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Thread: OC reveals The Real Bedlington Terrier...

  1. #1

    OC reveals The Real Bedlington Terrier...


  2. #2
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    A very good read indeed,like our TEC,Brian was definitely one of my favourite players..He was famous for his no nonsense sliding tackling in the mud,these softees playing today would be rolling over and over after one of Brians tackles.. I was standing at the back of the beehole end that day when he smashed in that 30 harder against the Muncs..I can still picture it now as it flew past Stepney and the crowd went ecstatic... A proper turf moor legend was Brian..

  3. #3
    Thanks TEC
    Can the picture be resized. I only get his torso.

  4. #4
    Good article about one of my favourite players. He went to school with my brother-in-law and they played in the school team together. He said that he was always a strong tackler and afraid of nothing, in spite of not being very big. He said that it was no surprise when he got picked up by Burnley and went on to have a good career.
    The mention of Jack Hixon reminded me of his legendary status up here in the north east and I often wonder just how many players he sent off for trials and just how many matches he attended.

  5. #5
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    Quote Originally Posted by Supersub6 View Post
    Good article about one of my favourite players. He went to school with my brother-in-law and they played in the school team together. He said that he was always a strong tackler and afraid of nothing, in spite of not being very big. He said that it was no surprise when he got picked up by Burnley and went on to have a good career.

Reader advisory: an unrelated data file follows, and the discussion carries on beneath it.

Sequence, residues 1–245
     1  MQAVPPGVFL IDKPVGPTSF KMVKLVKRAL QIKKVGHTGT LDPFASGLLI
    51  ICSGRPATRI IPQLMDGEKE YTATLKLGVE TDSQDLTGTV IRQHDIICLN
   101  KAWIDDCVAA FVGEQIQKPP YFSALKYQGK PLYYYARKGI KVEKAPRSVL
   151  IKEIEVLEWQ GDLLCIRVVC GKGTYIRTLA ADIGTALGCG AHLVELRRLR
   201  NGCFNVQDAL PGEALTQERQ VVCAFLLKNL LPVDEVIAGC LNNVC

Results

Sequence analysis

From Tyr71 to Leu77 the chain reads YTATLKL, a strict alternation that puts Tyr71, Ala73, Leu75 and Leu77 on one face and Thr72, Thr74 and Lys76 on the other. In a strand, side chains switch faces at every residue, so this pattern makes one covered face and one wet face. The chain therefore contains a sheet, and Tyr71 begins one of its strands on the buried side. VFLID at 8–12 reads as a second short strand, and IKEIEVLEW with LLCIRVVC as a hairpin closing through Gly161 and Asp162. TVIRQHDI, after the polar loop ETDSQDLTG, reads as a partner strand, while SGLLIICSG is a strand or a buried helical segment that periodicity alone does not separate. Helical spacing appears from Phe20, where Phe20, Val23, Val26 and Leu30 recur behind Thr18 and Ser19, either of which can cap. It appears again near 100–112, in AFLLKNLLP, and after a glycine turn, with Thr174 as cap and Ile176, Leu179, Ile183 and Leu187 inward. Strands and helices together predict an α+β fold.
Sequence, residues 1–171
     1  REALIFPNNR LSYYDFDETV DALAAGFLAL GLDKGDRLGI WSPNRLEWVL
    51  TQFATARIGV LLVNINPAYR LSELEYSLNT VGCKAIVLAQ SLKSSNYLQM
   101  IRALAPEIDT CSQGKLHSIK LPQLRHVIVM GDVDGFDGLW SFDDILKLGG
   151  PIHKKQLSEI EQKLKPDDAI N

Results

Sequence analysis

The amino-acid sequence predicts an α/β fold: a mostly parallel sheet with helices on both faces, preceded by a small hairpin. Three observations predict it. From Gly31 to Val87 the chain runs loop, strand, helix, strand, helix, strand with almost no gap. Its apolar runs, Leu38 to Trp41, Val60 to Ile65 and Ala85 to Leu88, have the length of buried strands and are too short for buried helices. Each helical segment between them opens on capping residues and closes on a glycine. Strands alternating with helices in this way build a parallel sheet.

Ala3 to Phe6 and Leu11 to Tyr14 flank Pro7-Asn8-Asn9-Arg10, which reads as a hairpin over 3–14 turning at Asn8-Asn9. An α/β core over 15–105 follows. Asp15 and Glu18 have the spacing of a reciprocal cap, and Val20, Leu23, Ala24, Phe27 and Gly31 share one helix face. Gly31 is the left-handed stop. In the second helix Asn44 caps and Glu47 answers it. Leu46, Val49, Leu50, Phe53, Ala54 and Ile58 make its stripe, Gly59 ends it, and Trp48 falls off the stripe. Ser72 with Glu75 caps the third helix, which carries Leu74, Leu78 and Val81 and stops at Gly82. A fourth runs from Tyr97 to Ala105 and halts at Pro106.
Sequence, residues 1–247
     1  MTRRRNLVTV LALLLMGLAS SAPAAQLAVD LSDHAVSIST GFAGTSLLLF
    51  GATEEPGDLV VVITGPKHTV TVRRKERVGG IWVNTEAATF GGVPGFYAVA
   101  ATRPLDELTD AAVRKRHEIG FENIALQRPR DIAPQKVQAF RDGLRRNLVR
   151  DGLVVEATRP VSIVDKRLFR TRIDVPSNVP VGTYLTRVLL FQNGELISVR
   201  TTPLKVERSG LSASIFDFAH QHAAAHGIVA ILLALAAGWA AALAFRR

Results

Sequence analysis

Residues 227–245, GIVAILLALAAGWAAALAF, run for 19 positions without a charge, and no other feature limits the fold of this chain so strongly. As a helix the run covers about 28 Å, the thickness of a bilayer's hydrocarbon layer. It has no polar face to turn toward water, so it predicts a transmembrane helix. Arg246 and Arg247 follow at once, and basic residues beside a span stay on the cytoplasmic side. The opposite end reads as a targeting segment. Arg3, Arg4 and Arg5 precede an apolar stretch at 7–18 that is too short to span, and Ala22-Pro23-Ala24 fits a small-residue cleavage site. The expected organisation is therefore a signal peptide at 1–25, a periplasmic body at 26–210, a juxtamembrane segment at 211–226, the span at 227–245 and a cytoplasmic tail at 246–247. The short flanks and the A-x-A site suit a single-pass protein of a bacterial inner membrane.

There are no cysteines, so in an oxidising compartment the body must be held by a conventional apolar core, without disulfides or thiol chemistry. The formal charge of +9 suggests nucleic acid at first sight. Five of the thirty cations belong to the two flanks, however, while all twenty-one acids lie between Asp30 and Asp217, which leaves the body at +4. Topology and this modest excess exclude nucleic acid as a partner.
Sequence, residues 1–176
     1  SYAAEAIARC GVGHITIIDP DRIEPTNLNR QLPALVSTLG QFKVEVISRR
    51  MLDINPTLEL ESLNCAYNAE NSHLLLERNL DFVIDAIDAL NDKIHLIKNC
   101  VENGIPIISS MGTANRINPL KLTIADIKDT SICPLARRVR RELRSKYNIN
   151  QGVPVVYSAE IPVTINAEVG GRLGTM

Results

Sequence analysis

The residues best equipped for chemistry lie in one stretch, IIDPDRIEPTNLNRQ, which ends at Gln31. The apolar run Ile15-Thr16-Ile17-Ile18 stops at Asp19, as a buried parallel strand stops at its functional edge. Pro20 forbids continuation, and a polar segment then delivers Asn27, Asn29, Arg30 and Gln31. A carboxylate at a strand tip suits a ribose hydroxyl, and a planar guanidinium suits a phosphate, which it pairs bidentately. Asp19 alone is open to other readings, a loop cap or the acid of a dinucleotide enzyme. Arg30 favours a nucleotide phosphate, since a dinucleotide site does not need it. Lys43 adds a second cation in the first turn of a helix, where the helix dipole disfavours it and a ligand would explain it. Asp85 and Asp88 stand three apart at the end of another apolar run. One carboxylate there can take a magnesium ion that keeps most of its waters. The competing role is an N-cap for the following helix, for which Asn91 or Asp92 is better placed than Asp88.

The mention of Jack Hixon reminded me of his legendary status up here in the north east and I often wonder just how many players he sent off for trials and just how many matches he attended.
    he discovered Alan Shearer

    tribute from Shearer

    "Talent scout Jack Hixon from Whitley Bay, North Tyneside, died in hospital yesterday morning at the age of 88. He claimed to have found 47 talented Geordie schoolboys who have gone on to play top-flight football, including the United striking legend."It’s a very sad day," said Mr Shearer, who went on to captain Newcastle, scoring a record 206 goals for the Magpies.
    "Jack was a lovely man, very hard working and totally dedicated. We were very close and he will be sadly missed."
    Jack became a scout for Burnley by accident after serving in the Navy during the Second World War with their England winger Billy Elliott.
    He was responsible for unearthing the 5m-rated Leeds United striker Michael Bridges and Burnley’s England winger Ralph Coates.
    But it will be his discovery of the teenage Shearer for which he will be best remembered.
    Jack first spotted him as a 13-year-old striker turning defences inside out on Benfield Park. A year later the teenager was being packed off to Southampton on apprenticeship terms. The pair kept in touch and Shearer even made a secret visit to Jack’s hospital bedside before the Euro 2000 championships after he fell ill with a serious kidney complaint.
    Jack previously said of Shearer: "He has achieved so much and I burst with pride about him. Often I have been in the right place at the right time. The Lord has smiled down on me."